Southern California Suboxone Clinic for Opioid Addiction

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Proudly serving Southern California, our suboxone clinics provide adults struggling with addiction the ability to recover from heroin, oxycodone, Percocet, and other opiates.

How It Works and Is It Safe?

How Suboxone Treatment Works

Suboxone, a partial opioid agonist, is a prescription medication that is comprised of a mixture of both buprenorphine and naloxone.

Buprenorphine, one of the primary active ingredients in Suboxone, is a partial opioid agonist, meaning that it triggers the same receptors in the brain that opioids do. However, a high is not produced when Suboxone is consumed. Therefore, when buprenorphine is present in the system, an individual will experience relief from his or her withdrawal symptoms and drug cravings without having to continually take the opioids he or she had been abusing.

An opioid agonist, naloxone is also known as an opioid blocker. It is also an active ingredient in Suboxone and works to diminish the troublesome impacts that opioids can have on the body. Upon taking Suboxone, the naloxone in the medication works to stop withdrawal symptoms and cravings, allowing the individual to be free from the vicious cycle of opioid abuse.

An exceptional amount of research has been conducted proving that Suboxone is both safe and effective in treating an opioid addiction in a medication assisted treatment program.

The Effectiveness of Treatment

The Effectiveness of Suboxone Treatment

Research has proven that Suboxone is effective in actively helping end opioid addiction. Those who use Suboxone have reported that, while taking the medication, it was helpful in lessening withdrawal symptoms, as well as decreasing cravings to use. Unlike other opioids, Suboxone does not create the same high that would otherwise be achieved. Therefore, while Suboxone is effective in treating opioid addiction, it is also much less likely to be abused. If a patient attempts to take more Suboxone than is prescribed, he or she will still not be able to get high like he or she would if OxyContin or Vicodin were taken.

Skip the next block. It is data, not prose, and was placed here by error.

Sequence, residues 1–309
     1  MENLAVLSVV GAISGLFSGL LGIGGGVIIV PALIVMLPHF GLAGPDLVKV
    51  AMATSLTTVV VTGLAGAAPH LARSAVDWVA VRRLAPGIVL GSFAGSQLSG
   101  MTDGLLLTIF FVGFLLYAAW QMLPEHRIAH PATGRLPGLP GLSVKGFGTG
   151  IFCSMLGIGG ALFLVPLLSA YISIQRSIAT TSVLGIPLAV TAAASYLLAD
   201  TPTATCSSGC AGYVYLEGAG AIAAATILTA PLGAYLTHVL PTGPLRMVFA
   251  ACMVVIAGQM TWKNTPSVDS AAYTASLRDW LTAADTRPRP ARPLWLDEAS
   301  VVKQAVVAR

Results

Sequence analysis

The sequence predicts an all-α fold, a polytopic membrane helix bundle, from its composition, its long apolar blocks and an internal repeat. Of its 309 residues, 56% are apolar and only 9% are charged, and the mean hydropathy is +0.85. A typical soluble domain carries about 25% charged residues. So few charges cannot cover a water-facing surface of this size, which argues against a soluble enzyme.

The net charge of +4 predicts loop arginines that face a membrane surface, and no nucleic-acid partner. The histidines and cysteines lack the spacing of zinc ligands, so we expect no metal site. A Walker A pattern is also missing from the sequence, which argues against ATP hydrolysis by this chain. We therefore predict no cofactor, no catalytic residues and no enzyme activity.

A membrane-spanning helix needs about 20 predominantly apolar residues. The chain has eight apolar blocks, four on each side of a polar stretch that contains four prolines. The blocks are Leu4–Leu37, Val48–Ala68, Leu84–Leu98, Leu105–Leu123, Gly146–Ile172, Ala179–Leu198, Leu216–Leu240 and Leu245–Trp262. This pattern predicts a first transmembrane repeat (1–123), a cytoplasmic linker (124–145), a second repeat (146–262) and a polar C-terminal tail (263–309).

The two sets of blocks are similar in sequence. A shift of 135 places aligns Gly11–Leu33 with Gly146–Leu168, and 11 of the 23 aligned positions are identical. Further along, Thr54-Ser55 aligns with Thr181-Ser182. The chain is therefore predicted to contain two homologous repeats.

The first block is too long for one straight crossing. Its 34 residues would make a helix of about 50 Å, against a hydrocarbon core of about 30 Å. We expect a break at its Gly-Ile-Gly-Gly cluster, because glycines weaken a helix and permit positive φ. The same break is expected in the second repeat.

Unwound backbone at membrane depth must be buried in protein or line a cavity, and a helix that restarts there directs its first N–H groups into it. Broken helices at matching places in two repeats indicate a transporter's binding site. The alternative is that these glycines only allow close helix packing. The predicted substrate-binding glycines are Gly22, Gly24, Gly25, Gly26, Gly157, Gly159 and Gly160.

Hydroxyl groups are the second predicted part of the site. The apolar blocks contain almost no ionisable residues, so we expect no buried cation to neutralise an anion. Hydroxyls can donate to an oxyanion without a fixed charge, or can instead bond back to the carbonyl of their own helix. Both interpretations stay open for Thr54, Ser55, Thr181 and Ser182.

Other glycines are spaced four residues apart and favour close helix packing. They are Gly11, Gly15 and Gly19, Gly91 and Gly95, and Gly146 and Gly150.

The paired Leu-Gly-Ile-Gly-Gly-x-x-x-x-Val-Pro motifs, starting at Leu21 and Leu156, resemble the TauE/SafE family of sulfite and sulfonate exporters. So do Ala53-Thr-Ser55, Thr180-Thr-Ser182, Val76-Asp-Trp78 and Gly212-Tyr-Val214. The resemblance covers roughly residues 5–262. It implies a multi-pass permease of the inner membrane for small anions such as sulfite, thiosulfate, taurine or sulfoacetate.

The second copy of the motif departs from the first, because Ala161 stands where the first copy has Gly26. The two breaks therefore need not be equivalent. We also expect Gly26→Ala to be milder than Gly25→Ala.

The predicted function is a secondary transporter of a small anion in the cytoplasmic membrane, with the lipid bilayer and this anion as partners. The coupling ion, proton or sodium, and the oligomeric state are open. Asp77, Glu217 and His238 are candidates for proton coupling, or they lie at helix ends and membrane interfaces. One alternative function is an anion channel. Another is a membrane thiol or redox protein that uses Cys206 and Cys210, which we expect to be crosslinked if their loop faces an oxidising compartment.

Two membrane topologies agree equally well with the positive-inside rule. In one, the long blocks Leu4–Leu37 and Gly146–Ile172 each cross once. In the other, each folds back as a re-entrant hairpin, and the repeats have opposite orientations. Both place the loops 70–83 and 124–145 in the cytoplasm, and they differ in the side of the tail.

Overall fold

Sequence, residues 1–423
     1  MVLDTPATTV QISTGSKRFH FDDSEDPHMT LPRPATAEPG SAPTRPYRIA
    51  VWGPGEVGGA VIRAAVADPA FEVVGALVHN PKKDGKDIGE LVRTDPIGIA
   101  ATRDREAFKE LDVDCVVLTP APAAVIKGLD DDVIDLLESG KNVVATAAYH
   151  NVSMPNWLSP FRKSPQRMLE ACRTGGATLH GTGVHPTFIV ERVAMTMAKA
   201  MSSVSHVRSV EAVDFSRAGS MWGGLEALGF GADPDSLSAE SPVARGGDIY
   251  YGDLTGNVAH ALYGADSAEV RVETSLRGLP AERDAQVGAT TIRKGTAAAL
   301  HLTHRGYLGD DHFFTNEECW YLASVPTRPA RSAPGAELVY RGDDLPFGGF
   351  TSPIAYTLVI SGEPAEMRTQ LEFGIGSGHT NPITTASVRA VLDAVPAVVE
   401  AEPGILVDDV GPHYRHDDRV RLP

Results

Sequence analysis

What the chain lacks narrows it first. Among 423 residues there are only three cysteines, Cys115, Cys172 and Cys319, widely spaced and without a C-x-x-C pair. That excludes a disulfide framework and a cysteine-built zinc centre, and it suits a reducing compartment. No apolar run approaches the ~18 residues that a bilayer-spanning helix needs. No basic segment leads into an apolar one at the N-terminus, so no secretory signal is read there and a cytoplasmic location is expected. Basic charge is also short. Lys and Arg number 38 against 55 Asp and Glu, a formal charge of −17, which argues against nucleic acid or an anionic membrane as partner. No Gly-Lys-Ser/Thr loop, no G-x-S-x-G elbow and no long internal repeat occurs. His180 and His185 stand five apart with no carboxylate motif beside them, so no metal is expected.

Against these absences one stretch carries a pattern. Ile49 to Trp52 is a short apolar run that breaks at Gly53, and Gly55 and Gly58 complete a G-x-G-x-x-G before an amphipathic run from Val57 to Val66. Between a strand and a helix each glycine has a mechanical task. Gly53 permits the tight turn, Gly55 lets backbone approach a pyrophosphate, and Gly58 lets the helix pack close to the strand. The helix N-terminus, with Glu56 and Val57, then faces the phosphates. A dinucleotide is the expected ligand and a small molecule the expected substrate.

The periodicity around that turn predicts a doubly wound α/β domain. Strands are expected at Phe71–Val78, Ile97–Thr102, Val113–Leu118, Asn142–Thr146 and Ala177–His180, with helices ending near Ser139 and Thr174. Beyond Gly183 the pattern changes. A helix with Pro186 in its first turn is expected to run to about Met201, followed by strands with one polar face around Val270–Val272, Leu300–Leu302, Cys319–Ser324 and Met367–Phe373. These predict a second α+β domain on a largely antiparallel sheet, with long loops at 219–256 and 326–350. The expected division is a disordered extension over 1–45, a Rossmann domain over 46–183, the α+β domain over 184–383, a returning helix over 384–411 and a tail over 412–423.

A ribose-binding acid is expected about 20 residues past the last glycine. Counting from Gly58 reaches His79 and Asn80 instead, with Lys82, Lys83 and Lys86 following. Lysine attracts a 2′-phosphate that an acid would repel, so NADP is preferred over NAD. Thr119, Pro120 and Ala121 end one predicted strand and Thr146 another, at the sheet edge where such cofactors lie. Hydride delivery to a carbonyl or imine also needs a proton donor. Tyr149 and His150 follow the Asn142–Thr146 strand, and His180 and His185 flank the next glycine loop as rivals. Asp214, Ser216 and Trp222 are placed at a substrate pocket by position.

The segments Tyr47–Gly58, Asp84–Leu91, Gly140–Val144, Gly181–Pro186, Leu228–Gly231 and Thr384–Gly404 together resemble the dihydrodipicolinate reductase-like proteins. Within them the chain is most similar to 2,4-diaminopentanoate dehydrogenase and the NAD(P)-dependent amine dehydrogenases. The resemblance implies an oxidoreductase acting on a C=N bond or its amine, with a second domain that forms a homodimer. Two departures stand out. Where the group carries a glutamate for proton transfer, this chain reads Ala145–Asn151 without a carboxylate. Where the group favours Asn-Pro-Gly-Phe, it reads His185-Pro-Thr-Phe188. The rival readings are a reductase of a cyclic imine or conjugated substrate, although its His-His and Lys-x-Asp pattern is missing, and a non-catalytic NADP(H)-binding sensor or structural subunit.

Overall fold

You and your treatment provider will work together to decide whether or not Suboxone is the appropriate medication for you. However, it is important to acknowledge that when a medication, such as Suboxone, is used in a medication assisted treatment program, patients are more likely to achieve a clear state of mind that will assist them in reaching their recovery goals.

The Benefits Treatment & Counseling

The Benefits of Suboxone Treatment & Counseling

Pushing past an opioid addiction can be incredibly difficult, because once an individual becomes dependent on opioids, he or she will undoubtedly experience withdrawal symptoms if he or she stops using. Knowing that withdrawal is lurking in the shadows is often what keeps individuals abusing the drug, even if it is dangerous. However, using Suboxone can be beneficial in the sense that it prevents these withdrawal symptoms from developing, which makes an individual more open to receiving treatment. While Suboxone works effectively in reducing withdrawal symptoms, it is also helpful in ceasing tempting cravings.

Suboxone can be an excellent tool in a patient’s recovery from opioid addiction, however, it is just that – one tool. By combining medication like Suboxone with therapeutic interventions, patients can expand their knowledge and find themselves on a road to a long-lasting recovery. Participating in group therapy allows patients the chance to learn from others as they share their experiences, as well as realize that they are not in this fight alone. This form of therapy can be pivotal throughout the period of recovery, as patients begin obtaining more confidence in themselves at this time. In addition, individual therapy is also beneficial, as this one-on-one approach can offer a safe environment to discuss concerns, progress, setbacks, and more with a trained counselor. Both settings can be effective in helping patients feel like their voices have been heard and their emotions have been recognized.